I Remember

Hi. I’m sorry I haven’t posted for a while. I was moving, traveling, and generally shifting my life for a month and didn’t have Internet for most of that time. Starting now, I should be back on track!

I Remember by Joe Brainard

publication date: 1975
pages: 144
ISBN: 014024521

In this slim book, Joe Brainard blurs the lines between poetry and memoir. I Remember is composed of disparate statements all starting with the phrase “I remember . . .” These rememberings encompass all of Brainard’s life up to that point, from his young childhood in the 1940s and 50s to living on the East Coast in his thirties. Brainard uses this format to connect with the reader by revealing universal, yet individual, truths.

Some of the passages were very effective. Here are a few:

I remember rubbing my hand under a restaurant table top and feeling all the gum.

I remember when a Negro man asked me to paint a big Christmas picture to hang in his picture window at Christmas and I painted a white madonna and child.

I remember a little boy down the street. Sometimes I would hide one of his toys inside my underwear and make him reach for it.

I remember taking an I.Q. Test and coming out below average. (I’ve never told anybody that before)

I remember those times of not knowing if you feel really happy or really sad. (Wet eyes and a high heart)

He also included several passages about his sexual past and present, including late night fumblings with young women and men. These passages imbued the book with an aura of vulnerability.

Overall, however, I found the book to be dull. There’s only so many times I can read about something banal but universal, like cinnamon toothpicks or movie theaters. It’s possible the book would have been more satisfying if I read it randomly and in short bursts, instead of reading it all the way through like I did. Also, for how relatable the book could be, I didn’t think it was very insightful. Maybe it was because some of Brainard’s statements were just so ordinary that they couldn’t be extrapolated to other lives or experiences. I’m not quite sure.

This book wasn’t bad, but I wouldn’t recommend it unless you have some special interest in it. Like if you are a poetry buff or are going through some of the experiences Brainard did, such as coming out.

3/6: more good than bad

Some other reviews of this book:

she is too fond of books
The Guardian

Life Itself

Life Itself: A Memoir by Roger Ebert

pages: 415
publication date: 2011
ISBN: 978-0-446-58497-5

I was late to learn about the rich and varied life led by film critic Roger Ebert. Of course I was familiar with the thumbs-up/thumbs-down system he created with Gene Siskel to rate movies. But beyond that, I didn’t know much. I didn’t know about his extensive body of written work. I also didn’t know that his bout with cancer in 2006 left him unable to speak, eat, or drink. After he passed away in April of this year, the Internet was brimming with tributes and memorials about Ebert. Many of these contained excerpts from his memoir, Life Itself. The excerpts were always winsome and charming. So I decided to pick up his memoir and read it in full. (By the way, although the subtitle of Life Itself is “A Memoir,” the book reads more like an autobiography than a memoir.)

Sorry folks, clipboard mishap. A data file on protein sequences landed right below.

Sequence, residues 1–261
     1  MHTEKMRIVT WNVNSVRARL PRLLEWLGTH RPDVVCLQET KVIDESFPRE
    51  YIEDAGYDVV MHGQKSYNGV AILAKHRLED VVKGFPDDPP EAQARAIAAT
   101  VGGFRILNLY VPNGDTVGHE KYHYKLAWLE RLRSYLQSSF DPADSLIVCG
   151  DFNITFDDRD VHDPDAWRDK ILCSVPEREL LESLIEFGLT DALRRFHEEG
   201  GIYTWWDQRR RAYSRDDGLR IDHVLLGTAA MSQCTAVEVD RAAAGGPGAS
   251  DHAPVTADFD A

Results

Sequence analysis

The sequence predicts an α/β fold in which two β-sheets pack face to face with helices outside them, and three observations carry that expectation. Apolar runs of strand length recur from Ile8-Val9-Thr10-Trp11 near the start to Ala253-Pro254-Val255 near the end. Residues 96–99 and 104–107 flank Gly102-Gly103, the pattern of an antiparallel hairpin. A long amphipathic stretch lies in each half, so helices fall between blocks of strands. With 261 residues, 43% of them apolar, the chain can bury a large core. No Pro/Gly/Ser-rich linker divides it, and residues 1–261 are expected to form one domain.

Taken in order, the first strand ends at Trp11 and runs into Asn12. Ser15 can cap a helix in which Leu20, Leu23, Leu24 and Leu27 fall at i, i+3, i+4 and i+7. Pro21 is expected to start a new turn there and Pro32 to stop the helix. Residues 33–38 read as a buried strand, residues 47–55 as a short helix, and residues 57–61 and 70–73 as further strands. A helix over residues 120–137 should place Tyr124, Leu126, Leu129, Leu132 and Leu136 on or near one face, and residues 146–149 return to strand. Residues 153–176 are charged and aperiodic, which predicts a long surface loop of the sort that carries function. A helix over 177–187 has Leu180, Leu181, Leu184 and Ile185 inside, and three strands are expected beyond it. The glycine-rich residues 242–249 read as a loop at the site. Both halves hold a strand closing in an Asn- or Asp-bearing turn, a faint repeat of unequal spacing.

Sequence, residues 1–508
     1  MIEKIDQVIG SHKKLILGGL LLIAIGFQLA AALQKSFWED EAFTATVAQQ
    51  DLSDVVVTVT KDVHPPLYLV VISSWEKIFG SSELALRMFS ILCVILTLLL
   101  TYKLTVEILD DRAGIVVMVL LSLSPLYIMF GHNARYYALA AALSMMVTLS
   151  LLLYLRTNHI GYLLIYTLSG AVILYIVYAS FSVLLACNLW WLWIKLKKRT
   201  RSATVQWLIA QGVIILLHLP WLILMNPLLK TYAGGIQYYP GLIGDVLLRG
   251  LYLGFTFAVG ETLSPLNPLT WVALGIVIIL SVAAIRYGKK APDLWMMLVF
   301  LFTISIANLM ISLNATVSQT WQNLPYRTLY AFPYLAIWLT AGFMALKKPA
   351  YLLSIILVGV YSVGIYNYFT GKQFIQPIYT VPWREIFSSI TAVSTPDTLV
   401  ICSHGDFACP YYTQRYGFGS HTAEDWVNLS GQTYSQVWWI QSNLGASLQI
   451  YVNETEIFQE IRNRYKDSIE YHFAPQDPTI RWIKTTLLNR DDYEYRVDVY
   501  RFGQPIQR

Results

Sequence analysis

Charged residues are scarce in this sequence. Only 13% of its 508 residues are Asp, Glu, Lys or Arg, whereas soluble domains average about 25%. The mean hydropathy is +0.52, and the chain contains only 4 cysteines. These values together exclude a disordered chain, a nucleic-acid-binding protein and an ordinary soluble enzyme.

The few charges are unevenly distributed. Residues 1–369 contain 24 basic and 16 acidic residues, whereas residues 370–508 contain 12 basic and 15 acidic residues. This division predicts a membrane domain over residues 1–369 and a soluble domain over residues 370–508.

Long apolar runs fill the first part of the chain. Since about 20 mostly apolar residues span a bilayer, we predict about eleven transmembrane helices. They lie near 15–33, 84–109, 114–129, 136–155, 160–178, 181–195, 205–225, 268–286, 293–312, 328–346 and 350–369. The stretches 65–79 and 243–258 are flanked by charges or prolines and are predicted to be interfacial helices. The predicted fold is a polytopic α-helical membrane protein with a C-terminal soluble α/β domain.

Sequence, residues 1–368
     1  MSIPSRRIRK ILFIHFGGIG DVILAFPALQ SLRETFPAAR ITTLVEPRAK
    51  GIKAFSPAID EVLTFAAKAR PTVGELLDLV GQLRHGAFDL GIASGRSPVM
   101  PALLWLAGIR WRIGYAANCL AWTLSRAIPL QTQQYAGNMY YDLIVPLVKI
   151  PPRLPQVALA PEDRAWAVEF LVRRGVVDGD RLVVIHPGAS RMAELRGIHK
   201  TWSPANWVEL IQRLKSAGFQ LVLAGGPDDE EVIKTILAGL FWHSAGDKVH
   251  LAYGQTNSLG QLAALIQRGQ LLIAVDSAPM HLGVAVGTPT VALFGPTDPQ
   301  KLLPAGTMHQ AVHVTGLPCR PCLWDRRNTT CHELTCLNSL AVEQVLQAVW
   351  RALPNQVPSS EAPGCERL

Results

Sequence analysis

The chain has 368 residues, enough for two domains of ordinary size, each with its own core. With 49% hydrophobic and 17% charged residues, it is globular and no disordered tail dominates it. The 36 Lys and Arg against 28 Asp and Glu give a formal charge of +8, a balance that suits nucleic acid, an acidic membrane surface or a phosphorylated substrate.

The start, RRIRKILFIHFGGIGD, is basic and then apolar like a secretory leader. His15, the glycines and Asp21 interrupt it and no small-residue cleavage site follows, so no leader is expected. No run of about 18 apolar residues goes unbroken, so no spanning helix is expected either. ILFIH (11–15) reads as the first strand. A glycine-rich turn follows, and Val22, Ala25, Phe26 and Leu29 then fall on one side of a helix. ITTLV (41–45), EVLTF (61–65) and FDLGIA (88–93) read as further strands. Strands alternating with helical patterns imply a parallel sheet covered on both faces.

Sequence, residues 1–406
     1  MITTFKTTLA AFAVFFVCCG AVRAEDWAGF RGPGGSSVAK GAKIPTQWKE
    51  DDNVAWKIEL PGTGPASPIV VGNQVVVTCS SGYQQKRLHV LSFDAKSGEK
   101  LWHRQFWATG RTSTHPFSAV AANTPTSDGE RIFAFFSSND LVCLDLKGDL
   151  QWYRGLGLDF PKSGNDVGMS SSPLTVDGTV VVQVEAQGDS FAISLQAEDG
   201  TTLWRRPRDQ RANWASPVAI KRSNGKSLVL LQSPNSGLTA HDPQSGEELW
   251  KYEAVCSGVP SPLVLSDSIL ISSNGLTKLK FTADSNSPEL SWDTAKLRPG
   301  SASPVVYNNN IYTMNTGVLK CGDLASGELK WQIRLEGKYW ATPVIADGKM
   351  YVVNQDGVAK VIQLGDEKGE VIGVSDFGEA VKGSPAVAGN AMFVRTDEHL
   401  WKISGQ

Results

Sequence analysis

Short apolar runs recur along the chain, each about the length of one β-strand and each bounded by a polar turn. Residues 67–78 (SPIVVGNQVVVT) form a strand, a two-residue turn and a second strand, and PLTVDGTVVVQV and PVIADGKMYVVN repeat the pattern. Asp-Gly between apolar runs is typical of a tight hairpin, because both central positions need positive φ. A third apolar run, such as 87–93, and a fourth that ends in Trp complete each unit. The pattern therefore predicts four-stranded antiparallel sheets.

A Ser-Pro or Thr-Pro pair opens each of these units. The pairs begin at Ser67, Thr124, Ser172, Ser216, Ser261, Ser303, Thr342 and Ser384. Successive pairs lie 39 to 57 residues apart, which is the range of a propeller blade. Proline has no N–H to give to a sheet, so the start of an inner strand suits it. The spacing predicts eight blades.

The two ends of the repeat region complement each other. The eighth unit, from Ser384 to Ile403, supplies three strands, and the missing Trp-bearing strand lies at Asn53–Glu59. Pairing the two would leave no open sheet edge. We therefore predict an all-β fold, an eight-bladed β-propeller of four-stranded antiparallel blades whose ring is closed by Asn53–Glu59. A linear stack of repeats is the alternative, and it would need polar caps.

Although the excerpts I had read were captivating and inviting, the book as a whole fell somewhat flat. First of all, Ebert was an unabashed list-er. He listed everything from the TV shows he watched with his father to people he interviewed and later became friends with. And if Ebert was a consummate lister, I am a consummate list-skimmer. So, whenever a passage contained a list, my mind went on auto-pilot until I noticed that blessed serial comma and focused on Ebert’s writing again. Also, the book contained a lot of material about celebrities and other members of the Hollywood crowd. Many of the people Ebert discussed I had never heard of, but even when I had, I didn’t really care that they drank Heinekens or had mommy issues. These incidental details would give Life Itself a sodden, plodding feel.

The book was at its best during the chapters when Ebert described his own life and feelings. In the first chapter, Ebert is describing his childhood home and running up and down the hallway from the living room to his bedroom. The passage is personal, yet universal. Ebert explains that he returned to his childhood home years later and “saw that the hallway was only a few yards long. I got the feeling I sometimes have when reality realigns itself. It’s a tingling sensation moving like a wave through my body. I know the feeling precisely.” In another similarly satisfying passage, Ebert is discussing the conversations he has with an old friend. Ebert says, “Our conversations all take place in the present tense. We are always meeting for the first time. When you’re young you don’t realize that at every age you are always in the present, and in that sense no older.” The passages like these – the personal, reflective, inquisitive passages – were what gave the book life and wonder.

Life Itself has a lot to offer. Readers who are movie buffs, fans of Ebert, or who enjoy reading about celebrities will find a lot to love in the pages of Life Itself. And Ebert’s prose is often bright and funny. As someone who seemingly lived a life full of travel, melancholy, love, and adventure, Ebert had a lot of wisdom to impart to anyone willing to read his works.

4/6: worth reading

other reviews:

Entertainment Weekly
National Post